New Zealand born, British playwright Anthony McCarten has had a successful career writing films and plays about real people. Among his acclaimed films are The Theory of Everything (Stephen Hawking), Darkest Hour (Winston Churchill) The Two Popes (Pope Benedict XVI and Pope Francis) and Bohemian Rhapsody (Freddie Mercury), winning Oscars for Eddie Redmayne, Gary Oldman, and Rami Malek in three of these movies and four nominations for himself. Recently opened is his new biopic Whitney Houston: I Wanna to Dance with Somebody.
His London stage play, The Collaboration, has just arrived from London with its original stars, British actor Paul Bettany as Andy Warhol, and American actor Jeremy Pope as Jean-Michel Basquiat from The Young Vic Theatre production. Warhol and Basquiat famously worked together on a series of 16 paintings from 1984-85 for a show that was jointly curated by gallery owners Tony Shafrazi and Bruno Bischofberger who had introduced them. The play is the second part of a theater work called the “Worship Trilogy” which includes the play version of The Two Popes and the as yet unproduced Wednesday at Warren’s, Friday at Bill’s about the meetings between billionaires Warren Buffett and Bill Gates which led to the establishment of The Giving Pledge.
While Bettany and Pope are each very convincing as Warhol and Basquiat since they are made up to look exactly like they did in life, they seem to be in two different plays, using different acting styles. The other problem with The Collaboration is that it feels very superficial, like a laundry list of items for them to discuss, while at least several of the dramatic devices are taken out of context or are relocated in chronology. It is certainly a fascinating premise: an older famous and fabulously successful artist whose star is fading and a younger rising star who has taken the art world by storm and seems to be unstoppable, brought together by their shared dealer.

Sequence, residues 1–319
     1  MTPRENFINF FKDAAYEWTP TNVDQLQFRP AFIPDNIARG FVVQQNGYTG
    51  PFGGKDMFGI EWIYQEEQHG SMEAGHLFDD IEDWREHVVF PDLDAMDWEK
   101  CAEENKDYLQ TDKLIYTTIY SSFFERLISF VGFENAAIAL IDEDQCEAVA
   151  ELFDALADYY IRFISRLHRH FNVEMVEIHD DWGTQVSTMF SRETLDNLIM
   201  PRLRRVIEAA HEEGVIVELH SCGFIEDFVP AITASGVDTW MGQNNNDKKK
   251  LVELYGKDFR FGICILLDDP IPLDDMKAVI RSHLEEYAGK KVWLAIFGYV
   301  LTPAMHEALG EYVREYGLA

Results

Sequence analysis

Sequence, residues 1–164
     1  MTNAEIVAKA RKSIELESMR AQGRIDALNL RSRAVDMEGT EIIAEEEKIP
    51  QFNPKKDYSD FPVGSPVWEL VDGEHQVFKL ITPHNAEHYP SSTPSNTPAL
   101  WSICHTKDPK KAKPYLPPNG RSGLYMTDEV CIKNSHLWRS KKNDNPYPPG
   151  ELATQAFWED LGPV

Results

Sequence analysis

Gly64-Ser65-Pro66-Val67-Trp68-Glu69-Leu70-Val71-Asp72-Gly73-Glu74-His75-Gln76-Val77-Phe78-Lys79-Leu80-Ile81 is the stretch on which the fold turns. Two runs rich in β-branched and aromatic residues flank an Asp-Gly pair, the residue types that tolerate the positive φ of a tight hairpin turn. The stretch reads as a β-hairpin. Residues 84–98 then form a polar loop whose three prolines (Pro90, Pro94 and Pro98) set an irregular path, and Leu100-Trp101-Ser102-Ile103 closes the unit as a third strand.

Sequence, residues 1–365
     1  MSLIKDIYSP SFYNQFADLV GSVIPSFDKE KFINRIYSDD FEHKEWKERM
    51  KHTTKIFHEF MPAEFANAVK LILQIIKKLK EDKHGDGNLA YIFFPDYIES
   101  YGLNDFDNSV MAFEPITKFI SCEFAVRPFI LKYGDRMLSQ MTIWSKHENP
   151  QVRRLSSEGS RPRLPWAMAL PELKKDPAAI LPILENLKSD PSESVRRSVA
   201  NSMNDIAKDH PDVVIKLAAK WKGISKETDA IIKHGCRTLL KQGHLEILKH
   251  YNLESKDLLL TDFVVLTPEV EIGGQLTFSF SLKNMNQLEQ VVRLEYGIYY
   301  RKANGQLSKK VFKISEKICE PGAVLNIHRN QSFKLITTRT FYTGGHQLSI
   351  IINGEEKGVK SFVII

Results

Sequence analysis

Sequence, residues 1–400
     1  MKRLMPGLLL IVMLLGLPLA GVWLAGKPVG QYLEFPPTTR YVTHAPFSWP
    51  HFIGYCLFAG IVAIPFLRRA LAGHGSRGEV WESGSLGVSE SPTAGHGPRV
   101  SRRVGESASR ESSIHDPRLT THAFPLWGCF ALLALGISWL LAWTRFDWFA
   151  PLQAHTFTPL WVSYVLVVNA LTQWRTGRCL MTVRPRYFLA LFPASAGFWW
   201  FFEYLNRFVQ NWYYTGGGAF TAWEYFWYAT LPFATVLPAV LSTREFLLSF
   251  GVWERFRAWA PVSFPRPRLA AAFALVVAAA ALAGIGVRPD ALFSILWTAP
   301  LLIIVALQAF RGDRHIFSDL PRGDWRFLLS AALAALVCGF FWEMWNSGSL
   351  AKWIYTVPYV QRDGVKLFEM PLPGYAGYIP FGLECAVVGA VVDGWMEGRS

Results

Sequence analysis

The first act of the play which mainly takes place in Warhol’s studio at 680 Broadway at 3rd Street/Great Jones Street brings the two artists together in 1984 to attempt their collaboration which in the play both men fight against beginning. The second act takes place entirely in Basquiat’s studio at 57 Great Jones Street (which the play does not reveal was a building owned by Warhol) 18 months later as the men are completing their 16th and last canvas for their joint show. In this basically two-character play, the artists discuss their philosophies of art, feelings about money and fame, and ultimately death: Warhol is still getting over his near death experience in 1968 when he was shot by activist Valerie Solanus which still gives him pain, while Basquiat is coping with the beating and death of his fellow graffiti artist Michael Stewart which takes place in the last scene of the play.
Not only do the men remain opposites throughout, they seem to clash on almost everything: spending money, religious beliefs, reasons for painting, spirituality, sexuality, drinking and drug-taking, music, race, etc. We are told that Warhol’s life was dedicated to relieving his loneliness and that he had stopped painting for 25 years when he ceased being Andrew Warhola, Jr. of Pittsburgh and became Andy Warhol of New York. McCarten’s Basquiat tells us that he paints in order to eat and that it is one of the few things that a racist society allows a rebellious Black man to do. The best line in the play is said by Basquiat, but is in fact attributed to critic and educator Dr. Cesar A. Cruz in 2012, 25 years after the deaths of both men: “Art should comfort the disturbed and disturb the comfortable.”